“I’m not happy about the closure, and I don’t know if it’s really worth the effort,” homeless man Bruce Kline told KUT News. He said he’s lived in the park for about two years and doesn’t want to live in a homeless shelter. “They’re supposed to have people come out and tell us where to go once the park closes, but they haven’t yet.” 

Image courtesy

Austin’s “ParkScore” was announced today by the nonprofit Trust for Public Land.

What’s a ParkScore? The assessment looks at parks in the 40 largest U.S. cities, including Austin. The Trust for Public Land studies park systems from several different standpoints.

“The best possible score would be five park benches,” Peter Harnik, director of the trust’s Center for City Park Excellence, tells KUT News.

Deep Eddy Pool Reopens

May 4, 2012
KUT News

Deep Eddy Pool is back open today — or at least part of it.

The deep end of Deep Eddy is open today. The shallow end opens up tomorrow at 10 a.m. The oldest swimming pool in Texas, Deep Eddy has been shut down since last year for a full round of renovations.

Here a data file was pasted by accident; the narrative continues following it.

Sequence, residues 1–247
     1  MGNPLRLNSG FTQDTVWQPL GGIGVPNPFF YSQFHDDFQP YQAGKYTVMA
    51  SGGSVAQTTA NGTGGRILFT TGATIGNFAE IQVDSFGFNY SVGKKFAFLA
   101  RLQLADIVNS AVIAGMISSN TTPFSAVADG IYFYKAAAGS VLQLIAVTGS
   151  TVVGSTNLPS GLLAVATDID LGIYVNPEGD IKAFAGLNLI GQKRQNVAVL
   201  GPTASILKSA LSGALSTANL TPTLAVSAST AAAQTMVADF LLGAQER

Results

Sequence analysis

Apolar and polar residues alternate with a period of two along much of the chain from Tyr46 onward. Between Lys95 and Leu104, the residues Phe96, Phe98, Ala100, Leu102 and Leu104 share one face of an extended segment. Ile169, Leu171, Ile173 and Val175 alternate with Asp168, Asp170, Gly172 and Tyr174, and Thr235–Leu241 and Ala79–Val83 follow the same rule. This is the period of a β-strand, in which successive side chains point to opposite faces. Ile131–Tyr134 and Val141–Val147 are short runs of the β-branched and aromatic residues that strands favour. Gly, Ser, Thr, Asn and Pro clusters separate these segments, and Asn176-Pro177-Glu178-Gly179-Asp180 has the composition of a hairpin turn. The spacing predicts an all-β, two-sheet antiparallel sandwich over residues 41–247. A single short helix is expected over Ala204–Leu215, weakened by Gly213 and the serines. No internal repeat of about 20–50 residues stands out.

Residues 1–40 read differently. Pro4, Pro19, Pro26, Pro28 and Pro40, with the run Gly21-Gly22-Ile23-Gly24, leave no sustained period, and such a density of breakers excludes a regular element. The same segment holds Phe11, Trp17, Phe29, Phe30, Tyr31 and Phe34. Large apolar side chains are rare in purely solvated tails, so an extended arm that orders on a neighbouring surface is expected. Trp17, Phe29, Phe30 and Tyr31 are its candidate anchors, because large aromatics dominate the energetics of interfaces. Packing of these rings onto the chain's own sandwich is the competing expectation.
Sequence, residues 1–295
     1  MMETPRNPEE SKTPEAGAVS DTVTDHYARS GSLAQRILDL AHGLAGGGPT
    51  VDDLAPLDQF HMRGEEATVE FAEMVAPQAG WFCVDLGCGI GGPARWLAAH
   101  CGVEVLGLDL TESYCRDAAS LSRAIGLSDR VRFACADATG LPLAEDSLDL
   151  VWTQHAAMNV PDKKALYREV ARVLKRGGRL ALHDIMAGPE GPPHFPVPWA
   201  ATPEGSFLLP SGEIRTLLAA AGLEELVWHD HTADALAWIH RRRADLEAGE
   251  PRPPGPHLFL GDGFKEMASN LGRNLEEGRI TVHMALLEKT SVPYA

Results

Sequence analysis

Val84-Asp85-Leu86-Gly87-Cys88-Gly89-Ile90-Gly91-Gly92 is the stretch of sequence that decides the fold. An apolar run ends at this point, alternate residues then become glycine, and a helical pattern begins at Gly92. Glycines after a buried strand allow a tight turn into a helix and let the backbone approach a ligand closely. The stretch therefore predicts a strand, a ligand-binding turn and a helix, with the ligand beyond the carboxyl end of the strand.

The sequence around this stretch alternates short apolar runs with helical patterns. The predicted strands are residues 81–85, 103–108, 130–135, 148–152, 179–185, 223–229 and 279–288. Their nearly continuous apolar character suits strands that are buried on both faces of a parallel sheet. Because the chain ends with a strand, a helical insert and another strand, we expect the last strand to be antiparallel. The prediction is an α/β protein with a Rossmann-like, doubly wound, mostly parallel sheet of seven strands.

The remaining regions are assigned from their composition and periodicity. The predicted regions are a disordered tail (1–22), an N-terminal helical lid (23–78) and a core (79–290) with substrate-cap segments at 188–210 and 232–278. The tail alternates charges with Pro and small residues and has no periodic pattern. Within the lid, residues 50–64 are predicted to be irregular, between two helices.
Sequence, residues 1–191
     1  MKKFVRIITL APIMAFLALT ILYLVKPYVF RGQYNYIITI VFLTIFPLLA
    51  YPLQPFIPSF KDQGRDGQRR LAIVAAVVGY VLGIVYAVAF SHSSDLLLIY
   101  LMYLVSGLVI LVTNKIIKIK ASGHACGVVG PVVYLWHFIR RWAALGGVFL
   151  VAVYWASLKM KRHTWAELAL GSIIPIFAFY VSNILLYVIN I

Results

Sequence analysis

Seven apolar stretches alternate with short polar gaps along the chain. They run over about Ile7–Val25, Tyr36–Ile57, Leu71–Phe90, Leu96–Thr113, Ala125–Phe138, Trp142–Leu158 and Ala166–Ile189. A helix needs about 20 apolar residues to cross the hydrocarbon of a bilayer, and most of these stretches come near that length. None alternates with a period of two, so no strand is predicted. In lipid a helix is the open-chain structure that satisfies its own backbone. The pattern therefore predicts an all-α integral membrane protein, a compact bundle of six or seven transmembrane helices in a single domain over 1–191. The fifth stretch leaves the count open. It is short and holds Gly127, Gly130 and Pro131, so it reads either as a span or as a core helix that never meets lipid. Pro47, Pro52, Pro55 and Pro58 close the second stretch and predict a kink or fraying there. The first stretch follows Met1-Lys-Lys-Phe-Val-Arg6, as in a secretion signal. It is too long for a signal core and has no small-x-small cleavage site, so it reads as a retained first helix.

The Austin Parks and Recreation Department says the pool bottom has been replaced and the west end now features a zero depth entry. Visitors will also notice new decks and new retaining walls with seating. 

Photo by ramk13

The City of Austin has lifted a burn ban for all city parks. You can grill in designated areas, but campfires are only allowed at Emma Long Metropolitan Park.

Victor Ovalle is with Austin Parks and Recreation. He says recent rainfall has improved drought conditions in the area, but s park-goers should still be careful.

“We’re asking the public to be very careful when they’re out," Ovalle said. "There’s still a lot of timber in the area, in our parks, and so we ask them not to leave their fires unattended, to keep a source of water nearby, and before leaving the site, making sure the fire is completely extinguished."

Photo courtesy

The Trail of Lights is an Austin tradition dating back decades – or was, until it went dark due to city budget cuts in 2009.

That may no longer be the case, as an item before the Austin City Council this week would see the RunTex Foundation – an arm of the local running store and marathon sponsor – bringing the Trail of Lights back to Zilker Park this holiday season.

Backup materials on the agenda item state: